“Shoreline”: the Series

satellite image of cape peninsula

satellite image of the cape peninsula

Over a period of thirteen weeks, SABC 2’s documentary, Shoreline, explored South Africa, its people, history, culture and ecology through an in depth and thorough investigation of one of our most beautiful natural resources. The 2 800 kilometres of coastline that bound South Africa on its Eastern, Southern, and Western sides comes alive as a zone where human stories, the natural environment and the impersonal forces of history collide and interweave into a rich tapestry that points to the struggles and triumphs of life. Beautifully, and at times epically, photographed, the series of documentaries delve into numerous points of interest and emotive facts about life along our shoreline. If nothing else, the series inspired me to research some of the property for sale in Plettenberg Bay.

One of the primary motivations behind the series was to capture on video South Africa at a particular time in its history, and focalise the historical moment through the eyes of a diverse range of citizens who all have one thing in common: they all live in a coastal region. You could join in the project of documenting this natural resource if you have the means to buy a camera and upload images to a blog accessible to internet users. Of central importance, too, was to record an encyclopaedic overview of the natural environment that South Africa is honoured to enjoy along its coasts. Not wanting one aspect of the documentary to dominate over another, the format of each episode follows a standard pattern in which Peter Butler, the series’ “anchor” presenter introduces which portion of the coast is being looked at, and what the major themes to be explored are, after which point the experts take over and go into some depth about their particular field of expertise.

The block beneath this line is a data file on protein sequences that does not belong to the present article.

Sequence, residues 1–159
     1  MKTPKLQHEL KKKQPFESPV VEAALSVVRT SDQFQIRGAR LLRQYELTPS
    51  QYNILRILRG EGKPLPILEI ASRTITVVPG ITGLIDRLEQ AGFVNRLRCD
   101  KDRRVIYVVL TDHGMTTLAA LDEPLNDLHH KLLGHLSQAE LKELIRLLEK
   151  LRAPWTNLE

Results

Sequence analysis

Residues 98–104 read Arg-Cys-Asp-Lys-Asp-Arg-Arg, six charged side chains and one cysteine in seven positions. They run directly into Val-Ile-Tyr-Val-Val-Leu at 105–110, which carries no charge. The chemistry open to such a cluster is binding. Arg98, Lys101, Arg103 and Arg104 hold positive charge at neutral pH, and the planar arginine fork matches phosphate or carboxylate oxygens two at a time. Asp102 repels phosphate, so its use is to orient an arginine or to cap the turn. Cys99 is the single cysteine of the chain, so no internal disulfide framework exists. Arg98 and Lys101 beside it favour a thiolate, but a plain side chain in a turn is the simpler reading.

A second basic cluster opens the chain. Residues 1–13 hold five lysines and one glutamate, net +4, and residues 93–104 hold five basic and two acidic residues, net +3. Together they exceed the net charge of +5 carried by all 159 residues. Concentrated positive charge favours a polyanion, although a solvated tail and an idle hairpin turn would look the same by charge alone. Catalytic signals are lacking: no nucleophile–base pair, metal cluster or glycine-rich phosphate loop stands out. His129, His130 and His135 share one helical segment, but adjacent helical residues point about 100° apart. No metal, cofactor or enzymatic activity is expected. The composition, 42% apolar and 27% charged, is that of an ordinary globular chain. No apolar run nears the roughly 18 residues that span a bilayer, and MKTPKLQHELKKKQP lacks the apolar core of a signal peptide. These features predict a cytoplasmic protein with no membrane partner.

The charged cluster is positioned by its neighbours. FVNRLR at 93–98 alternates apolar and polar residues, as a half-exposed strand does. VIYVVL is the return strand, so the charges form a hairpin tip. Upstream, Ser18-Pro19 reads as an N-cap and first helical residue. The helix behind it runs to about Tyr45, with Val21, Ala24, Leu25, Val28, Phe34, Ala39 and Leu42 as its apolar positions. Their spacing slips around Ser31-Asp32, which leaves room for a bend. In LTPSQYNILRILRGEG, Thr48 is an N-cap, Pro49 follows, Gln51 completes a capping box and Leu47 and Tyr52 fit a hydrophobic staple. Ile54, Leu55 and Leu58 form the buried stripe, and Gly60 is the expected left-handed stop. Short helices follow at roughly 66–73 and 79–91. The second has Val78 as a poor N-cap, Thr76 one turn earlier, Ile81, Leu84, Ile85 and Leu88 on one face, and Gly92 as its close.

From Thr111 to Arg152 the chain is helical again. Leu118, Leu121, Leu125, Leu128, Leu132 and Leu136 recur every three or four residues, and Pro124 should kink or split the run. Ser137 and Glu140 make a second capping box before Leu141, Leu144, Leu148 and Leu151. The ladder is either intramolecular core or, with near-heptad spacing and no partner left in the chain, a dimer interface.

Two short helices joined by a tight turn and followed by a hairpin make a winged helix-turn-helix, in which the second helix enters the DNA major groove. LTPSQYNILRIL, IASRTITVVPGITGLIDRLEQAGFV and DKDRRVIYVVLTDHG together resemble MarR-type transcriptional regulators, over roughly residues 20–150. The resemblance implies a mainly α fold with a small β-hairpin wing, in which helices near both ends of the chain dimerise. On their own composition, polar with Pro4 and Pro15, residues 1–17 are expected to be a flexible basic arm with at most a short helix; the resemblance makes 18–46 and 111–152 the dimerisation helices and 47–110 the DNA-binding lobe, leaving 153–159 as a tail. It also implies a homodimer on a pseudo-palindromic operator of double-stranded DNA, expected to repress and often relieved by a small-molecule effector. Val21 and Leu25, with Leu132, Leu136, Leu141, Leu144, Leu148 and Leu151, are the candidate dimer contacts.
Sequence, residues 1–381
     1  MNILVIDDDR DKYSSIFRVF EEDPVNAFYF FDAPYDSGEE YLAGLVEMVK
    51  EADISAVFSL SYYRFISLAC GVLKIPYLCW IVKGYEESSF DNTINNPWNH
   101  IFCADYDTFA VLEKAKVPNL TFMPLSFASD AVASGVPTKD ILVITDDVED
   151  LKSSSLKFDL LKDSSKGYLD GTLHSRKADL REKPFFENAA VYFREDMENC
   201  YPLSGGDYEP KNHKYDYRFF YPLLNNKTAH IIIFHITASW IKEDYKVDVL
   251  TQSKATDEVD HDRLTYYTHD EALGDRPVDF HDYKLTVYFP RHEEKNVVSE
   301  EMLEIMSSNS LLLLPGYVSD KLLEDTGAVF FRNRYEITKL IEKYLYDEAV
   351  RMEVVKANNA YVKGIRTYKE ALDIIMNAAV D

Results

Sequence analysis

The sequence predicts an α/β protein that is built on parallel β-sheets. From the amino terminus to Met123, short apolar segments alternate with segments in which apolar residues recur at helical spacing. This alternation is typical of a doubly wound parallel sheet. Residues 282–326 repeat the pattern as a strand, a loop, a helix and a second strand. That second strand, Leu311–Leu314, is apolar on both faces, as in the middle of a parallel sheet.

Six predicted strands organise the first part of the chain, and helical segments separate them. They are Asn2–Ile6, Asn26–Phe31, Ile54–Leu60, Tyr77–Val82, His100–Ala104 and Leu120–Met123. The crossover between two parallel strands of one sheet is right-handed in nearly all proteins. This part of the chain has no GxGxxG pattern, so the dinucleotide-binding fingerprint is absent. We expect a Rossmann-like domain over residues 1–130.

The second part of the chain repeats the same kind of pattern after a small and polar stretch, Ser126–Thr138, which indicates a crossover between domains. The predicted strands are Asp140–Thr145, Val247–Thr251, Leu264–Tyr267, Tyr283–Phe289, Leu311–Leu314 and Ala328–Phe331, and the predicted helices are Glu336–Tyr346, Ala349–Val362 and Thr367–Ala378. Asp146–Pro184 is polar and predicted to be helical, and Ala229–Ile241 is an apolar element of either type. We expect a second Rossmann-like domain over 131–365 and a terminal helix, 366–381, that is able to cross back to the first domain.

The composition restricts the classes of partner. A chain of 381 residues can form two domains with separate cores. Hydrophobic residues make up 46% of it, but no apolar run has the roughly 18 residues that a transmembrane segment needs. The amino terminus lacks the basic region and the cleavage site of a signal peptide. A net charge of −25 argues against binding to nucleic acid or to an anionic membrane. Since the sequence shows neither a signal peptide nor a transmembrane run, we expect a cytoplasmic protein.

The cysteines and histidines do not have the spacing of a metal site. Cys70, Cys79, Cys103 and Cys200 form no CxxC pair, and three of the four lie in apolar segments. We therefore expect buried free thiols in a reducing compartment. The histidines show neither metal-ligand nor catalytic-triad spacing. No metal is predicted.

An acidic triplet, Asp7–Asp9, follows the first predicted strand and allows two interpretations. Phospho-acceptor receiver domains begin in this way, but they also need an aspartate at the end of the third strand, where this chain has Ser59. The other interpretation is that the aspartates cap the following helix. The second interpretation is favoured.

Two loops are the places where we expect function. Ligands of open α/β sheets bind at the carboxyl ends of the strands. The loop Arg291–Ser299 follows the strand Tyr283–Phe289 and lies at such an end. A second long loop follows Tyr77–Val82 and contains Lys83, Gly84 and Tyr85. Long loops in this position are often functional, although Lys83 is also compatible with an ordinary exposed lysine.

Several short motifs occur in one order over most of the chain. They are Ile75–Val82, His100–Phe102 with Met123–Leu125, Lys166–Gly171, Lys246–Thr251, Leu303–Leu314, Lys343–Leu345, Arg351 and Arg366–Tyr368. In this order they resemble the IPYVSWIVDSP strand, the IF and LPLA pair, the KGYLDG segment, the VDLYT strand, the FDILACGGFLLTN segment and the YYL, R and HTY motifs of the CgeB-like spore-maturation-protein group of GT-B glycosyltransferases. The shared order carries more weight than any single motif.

Exploring the splendour of the natural environment, and specifically focusing on the ocean and its reserves of life, is marine biologist Eleanor Yeld. Enthusiastic and passionate about her subject, Yeld offers knowledge and insight into our oceans that cannot but make the viewer fall in love with the beauty that exists in a world we only have limited access to.

Gavin Whitelaw, as the series’ resident archaeologist, uncovers the relics of time immemorial. South Africa is fortunate enough to have an incredible window into human history: besides the UNESCO World Heritage site at the Cradle of Humankind, early humans living along the coast left us a multitude of intriguing clues as to how our species lived eons before the age of the internet and space exploration. Like Yeld, Whitelaw makes his field of expertise come alive through his vivid descriptions and wealth of knowledge.

Delving into the worlds of history, culture and identity is Nomalanga Mkise. As a historian, Mkise is well informed, not only about matters relating to the facts of time past, but, remarkably, about what questions to ask her interviewees. She is able to draw meaning out of the seeming chaos, and stitch together narratives that help the viewer see our current society in the context of it being a reflection of past events whose effects will continue to resonate without cessation into the future.

Undeniably, Shoreline is a series that deserves more attention than it has received thus far for its originality, quality, and value as an insight into a country whose identity is still in the process of being formed. All 13 episodes are available in a box set, and you can buy the DVD Box set online (they are well worth the expense).